They might be the only community theatre in Washington, D.C., but St. Mark’s Players holds their own. Their current production of “Our Town,” under the direction of Sabrina McAllister, is an inspiring rendition of Thornton Wilder’s classic. It offers a unique staging experience that heightens the audience’s participation in the life of Grover’s Corners.
…a powerful interpretation of the work, mainly due to its excellent cast…is the invitation we all need to take a shared moment to slow down and actually see one another.
Rather than a proscenium, the stage is an open space in St. Mark’s nave, bordered on two sides by curving rows of chairs. The church’s darkened choir forms a third side of this theatre-in-the-round, while a lengthy curtain creates the fourth and frontmost border. Within this space, the everyday moments of the people in Grover’s Corners are realized, often within mere feet of the audience.
From my seat in the front row, I found myself a broom’s handle away from the Gibbs family table. The sense that I was intruding faded with the actors’ commitment to their characters and preserving the fourth wall, transforming instead into the freedom to spectate as much as I liked into their personal lives. This, of course, is precisely what the Stage Manager and Wilder invite audiences to do.
An additional meta-theatrical component emerged from this arrangement. Because the entire audience was so close to the action, everyone was joined together under the stage lights. This allowed the unique opportunity for every audience member to become a witness, not just of the play, but also of each other. You could see other audience members observing and responding to the townspeople’s lives. Rather than being discomforting or distracting, this element exalted the play’s themes by allowing space for a genuine community feel and reaction. If only for a moment, we all were invited to join each other, looking carefully into the lives of George and Emily—and maybe even each other—if we so dared.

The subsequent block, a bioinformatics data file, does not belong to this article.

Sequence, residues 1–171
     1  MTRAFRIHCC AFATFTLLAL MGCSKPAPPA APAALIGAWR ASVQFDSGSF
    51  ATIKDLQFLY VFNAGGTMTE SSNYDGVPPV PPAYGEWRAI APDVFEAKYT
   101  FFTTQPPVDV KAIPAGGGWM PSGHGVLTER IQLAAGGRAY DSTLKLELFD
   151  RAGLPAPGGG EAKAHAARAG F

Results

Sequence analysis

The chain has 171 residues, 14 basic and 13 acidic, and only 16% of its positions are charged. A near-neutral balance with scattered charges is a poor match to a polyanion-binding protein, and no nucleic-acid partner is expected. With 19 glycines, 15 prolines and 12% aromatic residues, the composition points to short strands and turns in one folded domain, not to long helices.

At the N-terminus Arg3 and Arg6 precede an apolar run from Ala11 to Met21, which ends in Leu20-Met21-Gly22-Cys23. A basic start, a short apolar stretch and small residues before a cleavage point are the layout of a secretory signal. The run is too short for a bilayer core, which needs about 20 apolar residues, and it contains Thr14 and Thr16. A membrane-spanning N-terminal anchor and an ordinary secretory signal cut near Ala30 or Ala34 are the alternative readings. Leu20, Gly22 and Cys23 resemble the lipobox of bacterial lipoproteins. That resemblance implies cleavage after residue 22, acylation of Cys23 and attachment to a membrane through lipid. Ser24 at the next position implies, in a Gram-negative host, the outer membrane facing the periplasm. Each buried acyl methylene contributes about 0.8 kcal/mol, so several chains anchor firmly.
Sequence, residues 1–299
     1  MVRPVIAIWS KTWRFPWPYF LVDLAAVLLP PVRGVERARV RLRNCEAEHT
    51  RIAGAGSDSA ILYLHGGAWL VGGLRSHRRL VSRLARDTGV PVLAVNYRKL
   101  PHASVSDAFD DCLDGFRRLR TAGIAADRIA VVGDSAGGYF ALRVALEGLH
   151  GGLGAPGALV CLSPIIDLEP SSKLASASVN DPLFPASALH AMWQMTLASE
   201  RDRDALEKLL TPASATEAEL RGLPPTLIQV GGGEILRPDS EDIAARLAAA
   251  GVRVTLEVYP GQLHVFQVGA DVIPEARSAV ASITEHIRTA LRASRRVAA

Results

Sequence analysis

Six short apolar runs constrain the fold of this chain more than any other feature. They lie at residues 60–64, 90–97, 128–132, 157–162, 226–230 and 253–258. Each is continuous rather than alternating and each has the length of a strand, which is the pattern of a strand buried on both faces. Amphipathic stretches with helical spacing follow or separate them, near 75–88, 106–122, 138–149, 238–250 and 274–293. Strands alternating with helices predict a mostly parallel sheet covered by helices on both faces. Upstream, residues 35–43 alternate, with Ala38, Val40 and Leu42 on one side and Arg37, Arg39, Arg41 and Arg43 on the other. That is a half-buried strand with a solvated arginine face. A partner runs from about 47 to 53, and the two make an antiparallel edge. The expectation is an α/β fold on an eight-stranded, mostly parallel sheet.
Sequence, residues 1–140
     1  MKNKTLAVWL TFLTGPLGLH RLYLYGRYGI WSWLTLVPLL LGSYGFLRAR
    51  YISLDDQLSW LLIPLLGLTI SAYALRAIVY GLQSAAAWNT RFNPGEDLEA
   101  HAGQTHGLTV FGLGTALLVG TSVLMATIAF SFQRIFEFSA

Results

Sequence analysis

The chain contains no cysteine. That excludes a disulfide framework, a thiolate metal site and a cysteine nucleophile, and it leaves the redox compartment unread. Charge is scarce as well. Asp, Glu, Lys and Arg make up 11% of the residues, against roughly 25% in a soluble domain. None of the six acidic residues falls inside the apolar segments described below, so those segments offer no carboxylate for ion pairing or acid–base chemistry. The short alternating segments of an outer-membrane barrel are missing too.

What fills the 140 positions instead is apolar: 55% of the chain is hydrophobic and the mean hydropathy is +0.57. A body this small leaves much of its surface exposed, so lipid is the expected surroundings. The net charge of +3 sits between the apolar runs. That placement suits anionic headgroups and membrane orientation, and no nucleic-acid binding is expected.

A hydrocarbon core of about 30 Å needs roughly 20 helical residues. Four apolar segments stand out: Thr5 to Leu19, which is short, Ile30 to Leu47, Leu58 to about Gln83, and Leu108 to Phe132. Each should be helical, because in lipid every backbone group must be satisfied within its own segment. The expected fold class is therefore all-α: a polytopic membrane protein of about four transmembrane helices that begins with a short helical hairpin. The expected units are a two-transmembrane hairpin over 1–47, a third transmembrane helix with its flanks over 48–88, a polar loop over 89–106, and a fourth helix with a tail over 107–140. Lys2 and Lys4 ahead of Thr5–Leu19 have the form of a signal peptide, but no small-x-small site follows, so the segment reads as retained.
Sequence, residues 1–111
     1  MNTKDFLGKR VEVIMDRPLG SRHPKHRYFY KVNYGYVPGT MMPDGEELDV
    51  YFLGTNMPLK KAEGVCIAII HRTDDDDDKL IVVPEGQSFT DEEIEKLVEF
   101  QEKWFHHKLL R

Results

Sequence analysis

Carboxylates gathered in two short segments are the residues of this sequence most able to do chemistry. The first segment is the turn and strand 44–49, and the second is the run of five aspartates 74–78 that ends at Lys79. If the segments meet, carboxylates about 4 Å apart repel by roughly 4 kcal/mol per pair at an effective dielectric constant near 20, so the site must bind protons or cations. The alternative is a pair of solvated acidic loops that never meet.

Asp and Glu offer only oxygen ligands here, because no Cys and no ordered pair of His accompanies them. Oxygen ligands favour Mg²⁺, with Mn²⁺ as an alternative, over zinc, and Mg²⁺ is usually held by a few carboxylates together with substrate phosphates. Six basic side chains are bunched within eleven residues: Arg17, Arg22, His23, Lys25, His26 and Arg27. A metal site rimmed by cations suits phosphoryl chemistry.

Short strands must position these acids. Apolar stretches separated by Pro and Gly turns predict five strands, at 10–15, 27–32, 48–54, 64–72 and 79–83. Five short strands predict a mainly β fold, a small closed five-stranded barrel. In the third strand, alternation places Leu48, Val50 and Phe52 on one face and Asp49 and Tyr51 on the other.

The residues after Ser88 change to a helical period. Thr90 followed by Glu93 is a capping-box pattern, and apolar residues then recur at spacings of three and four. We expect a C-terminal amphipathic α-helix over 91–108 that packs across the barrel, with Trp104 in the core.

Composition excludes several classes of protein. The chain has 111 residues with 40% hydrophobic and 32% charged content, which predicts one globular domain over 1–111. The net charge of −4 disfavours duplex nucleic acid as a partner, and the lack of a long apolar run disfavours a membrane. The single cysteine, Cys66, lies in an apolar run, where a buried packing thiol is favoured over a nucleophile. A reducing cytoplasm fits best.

The performance itself was a powerful interpretation of the work, mainly due to its excellent cast. Each actor brought such development and believability to their character that you couldn’t help but wish that each member of Grover’s Corners was the subject of their own Wilder play. While the lines could have easily become didactic, each performer carried their role so naturally that audiences were free to laugh or contemplate the humor and profundity of Wilder’s words however they struck. What was particularly impressive was the actors’ handling of the many invisible props and the sparse set pieces, all utilized and maneuvered with the kind of seamlessness that only comes through hours of rehearsal.
Tony Lemus and Allegra Hatem made a fantastic George and Emily. Both brought just the right level of charisma and consistency to their roles. They delightfully revealed the core virtues of their characters behind the changing physicality and mannerisms appropriate for their characters’ ages during the different acts. Their chemistry together was wonderful. Additionally, Alix Neenan made a remarkable Stage Manager, keeping the entire show well paced while masterfully appearing as various townspeople.
Costumers Cecilia Albert and Angela Cirino dressed each character in tasteful, period pieces helped successfully transport audiences from 2023 into small-town New England in the early 1900s.
St. Mark’s Players’ “Our Town” is the invitation we all need to take a shared moment to slow down and actually see one another.
Running Time: Approximately two hours and 15 minutes with two 10-minute breaks.
“Our Town” runs through October 21, 2023 at St. Mark’s Players, 301 A St SE, Washington, DC 20003. For more information and tickets, go online.